Had to change the channel last night before I drifted off. The Rosie-Donald thing kept rearing its ugly two heads. So, I surfed. Good thing I did. They were replaying the Medal of Honor ceremony for Marine Corporal Jason Dunham. He was awarded the medal posthumously by the President at a White House ceremony yesterday. And his parents were there to receive it. Here is the citation.
I tuned in as the citation was being read. Tears streamed down Mrs. Dunham's face. Tears streamed down the President's face. The looked at each other, and the President managed a slight smile, as if to say, when beauty and greatness reach the horizon of this world there are no longer any words.
Moments like these reveal the character of Pres. Bush. It's why, warts and admitted mistakes, disagreements and all, I will continue to support him. Rick at Brutally Honest posted thoughts on Pres. Bush that echo my own sentiments.
Afterwards, the family went outside to take questions from the press. Their character and grace was just shining. One reporter asked if Cpl Dunham had communicated his thoughts on the mission in his letters home. The parents looked at each other and smiled. "He didn't write much," Mrs. Dunham said, with a slight motherly look of "You know, Jason, I wish you had written more, but it's okay." But she pointed out that he did call. Mom didn't have much to say on the subject beyond that.
One reporter pointed out that the two Marines that Cpl Dunham had saved attended the ceremony. They had said some things to Mrs. Dunham afterwords, and the reporter wanted to know what was said. Mrs. Dunham answered, "That is a private conversation." This giant of a lady then went on to say that those two Marines that she viewed them as her own children now.
Both parents spent most of their time thanking the Marines for their support and love shown over the past three years. There was not one ounce of bitterness. I just found myself in awe of them. Mrs. Dunham nearly cried a couple of times, but she held it together. One reporter asked if there was anything else people should know, and she finished by telling the reporter, "I think you've dug up more than enough information about our family." The only people on this day that the Dunhams seemed to be upset with was the press. Great people, the Dunhams.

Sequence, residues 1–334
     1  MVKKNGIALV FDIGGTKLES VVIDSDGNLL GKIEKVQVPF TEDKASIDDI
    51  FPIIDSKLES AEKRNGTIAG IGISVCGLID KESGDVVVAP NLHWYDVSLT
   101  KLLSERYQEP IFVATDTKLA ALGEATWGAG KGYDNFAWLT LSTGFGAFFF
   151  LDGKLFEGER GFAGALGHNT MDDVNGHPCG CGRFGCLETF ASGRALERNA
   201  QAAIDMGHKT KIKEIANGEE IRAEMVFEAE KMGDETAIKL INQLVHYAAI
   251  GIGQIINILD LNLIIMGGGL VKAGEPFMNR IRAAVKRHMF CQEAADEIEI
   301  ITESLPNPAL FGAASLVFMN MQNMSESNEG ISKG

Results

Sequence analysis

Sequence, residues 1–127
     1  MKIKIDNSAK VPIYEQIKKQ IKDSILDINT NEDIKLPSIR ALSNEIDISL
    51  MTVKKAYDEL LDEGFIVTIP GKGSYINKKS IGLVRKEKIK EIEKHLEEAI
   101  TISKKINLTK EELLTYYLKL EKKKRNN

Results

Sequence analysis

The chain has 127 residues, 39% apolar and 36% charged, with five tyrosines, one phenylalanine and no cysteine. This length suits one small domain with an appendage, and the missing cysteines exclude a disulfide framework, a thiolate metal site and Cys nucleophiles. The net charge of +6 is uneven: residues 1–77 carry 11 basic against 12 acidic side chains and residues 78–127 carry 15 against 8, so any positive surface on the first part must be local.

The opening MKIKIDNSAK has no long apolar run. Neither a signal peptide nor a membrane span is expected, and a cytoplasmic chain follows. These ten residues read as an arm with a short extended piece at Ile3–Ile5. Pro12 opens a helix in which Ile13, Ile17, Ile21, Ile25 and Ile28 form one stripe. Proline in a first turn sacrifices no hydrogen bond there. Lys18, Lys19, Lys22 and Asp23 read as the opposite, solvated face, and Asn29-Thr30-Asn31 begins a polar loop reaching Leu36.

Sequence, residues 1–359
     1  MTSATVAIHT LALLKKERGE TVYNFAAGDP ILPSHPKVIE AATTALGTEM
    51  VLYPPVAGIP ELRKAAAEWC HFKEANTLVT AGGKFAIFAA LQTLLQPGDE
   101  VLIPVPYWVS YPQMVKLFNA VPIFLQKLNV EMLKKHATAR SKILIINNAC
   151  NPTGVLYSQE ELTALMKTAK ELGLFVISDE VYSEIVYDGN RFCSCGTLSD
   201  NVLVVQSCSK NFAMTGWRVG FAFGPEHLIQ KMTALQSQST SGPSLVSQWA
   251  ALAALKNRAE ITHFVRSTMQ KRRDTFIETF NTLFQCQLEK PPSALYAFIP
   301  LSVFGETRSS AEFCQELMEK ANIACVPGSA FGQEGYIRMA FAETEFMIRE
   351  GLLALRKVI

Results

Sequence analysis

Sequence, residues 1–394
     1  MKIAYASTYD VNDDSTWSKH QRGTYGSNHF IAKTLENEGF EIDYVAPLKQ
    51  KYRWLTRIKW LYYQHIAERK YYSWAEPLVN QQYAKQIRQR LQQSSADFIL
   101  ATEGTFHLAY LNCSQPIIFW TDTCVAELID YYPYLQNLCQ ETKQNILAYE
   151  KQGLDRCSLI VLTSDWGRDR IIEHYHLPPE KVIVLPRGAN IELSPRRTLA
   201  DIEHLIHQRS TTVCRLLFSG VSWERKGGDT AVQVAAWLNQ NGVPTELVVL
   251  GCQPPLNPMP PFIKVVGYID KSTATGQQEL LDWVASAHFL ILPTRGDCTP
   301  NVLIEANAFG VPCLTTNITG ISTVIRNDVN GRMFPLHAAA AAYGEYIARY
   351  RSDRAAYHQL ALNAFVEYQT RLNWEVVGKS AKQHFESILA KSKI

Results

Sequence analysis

I found Mr. Dunham, Dan Dunham, to be a giant of a man. He was plain-spoken, simple, but I craned my neck to hear what he had to say. When the press followed up the question regarding Cpl Dunham's feelings about the mission, Mr. Dunham said, "He thought all people should live in freedom, as do I. And he loved his friends."
It reminded me that our troops, whether they understand or concur with our own views of why we are doing what we are doing in Iraq, they still believe in the mission. It shows in their professionalism. They don't flich, and neither should we.
The Dunhams repeatedly said that Jason's medal was really a tribute to all of our troops of all branches serving in Iraq. They communicated an important truth that those who have served know: Many heroes are unknown for they haven't had that special date with destiny. But they stand ready and perform their duties heroically in the day-to-day.
You could tell that even in this solemn ceremony, the press was looking for an anti-war angle. Mrs. Dunham seemed to just hover over the press corps in attendance. Not wishing to address hers or Jason's views on this day, she passed the question to her Marine officer escorts.
Maybe she knew that this would shut down the press conference. I'll bet she knew their views. I saw it coming. The press was still treading gingerly, but they asked the steely-eyed Marine major to Mrs. Dunham's left if he wanted to go back to Iraq "any time soon".
The major, who looked like about 175 lbs. of twisted steel, was visibly ticked at the question.
Here is what he said: "Well, I am currently serving in a "B" billet, which means that I am not going back any time soon. But yes, I absolutely want to get back over there as soon as possible. (Pause) Does that answer your question?"
I laughed out loud. Ooh-rah, major.
The reporter replied, "Yes, sir."
Semper Fidelis, and Godspeed Corporal Jason Dunham.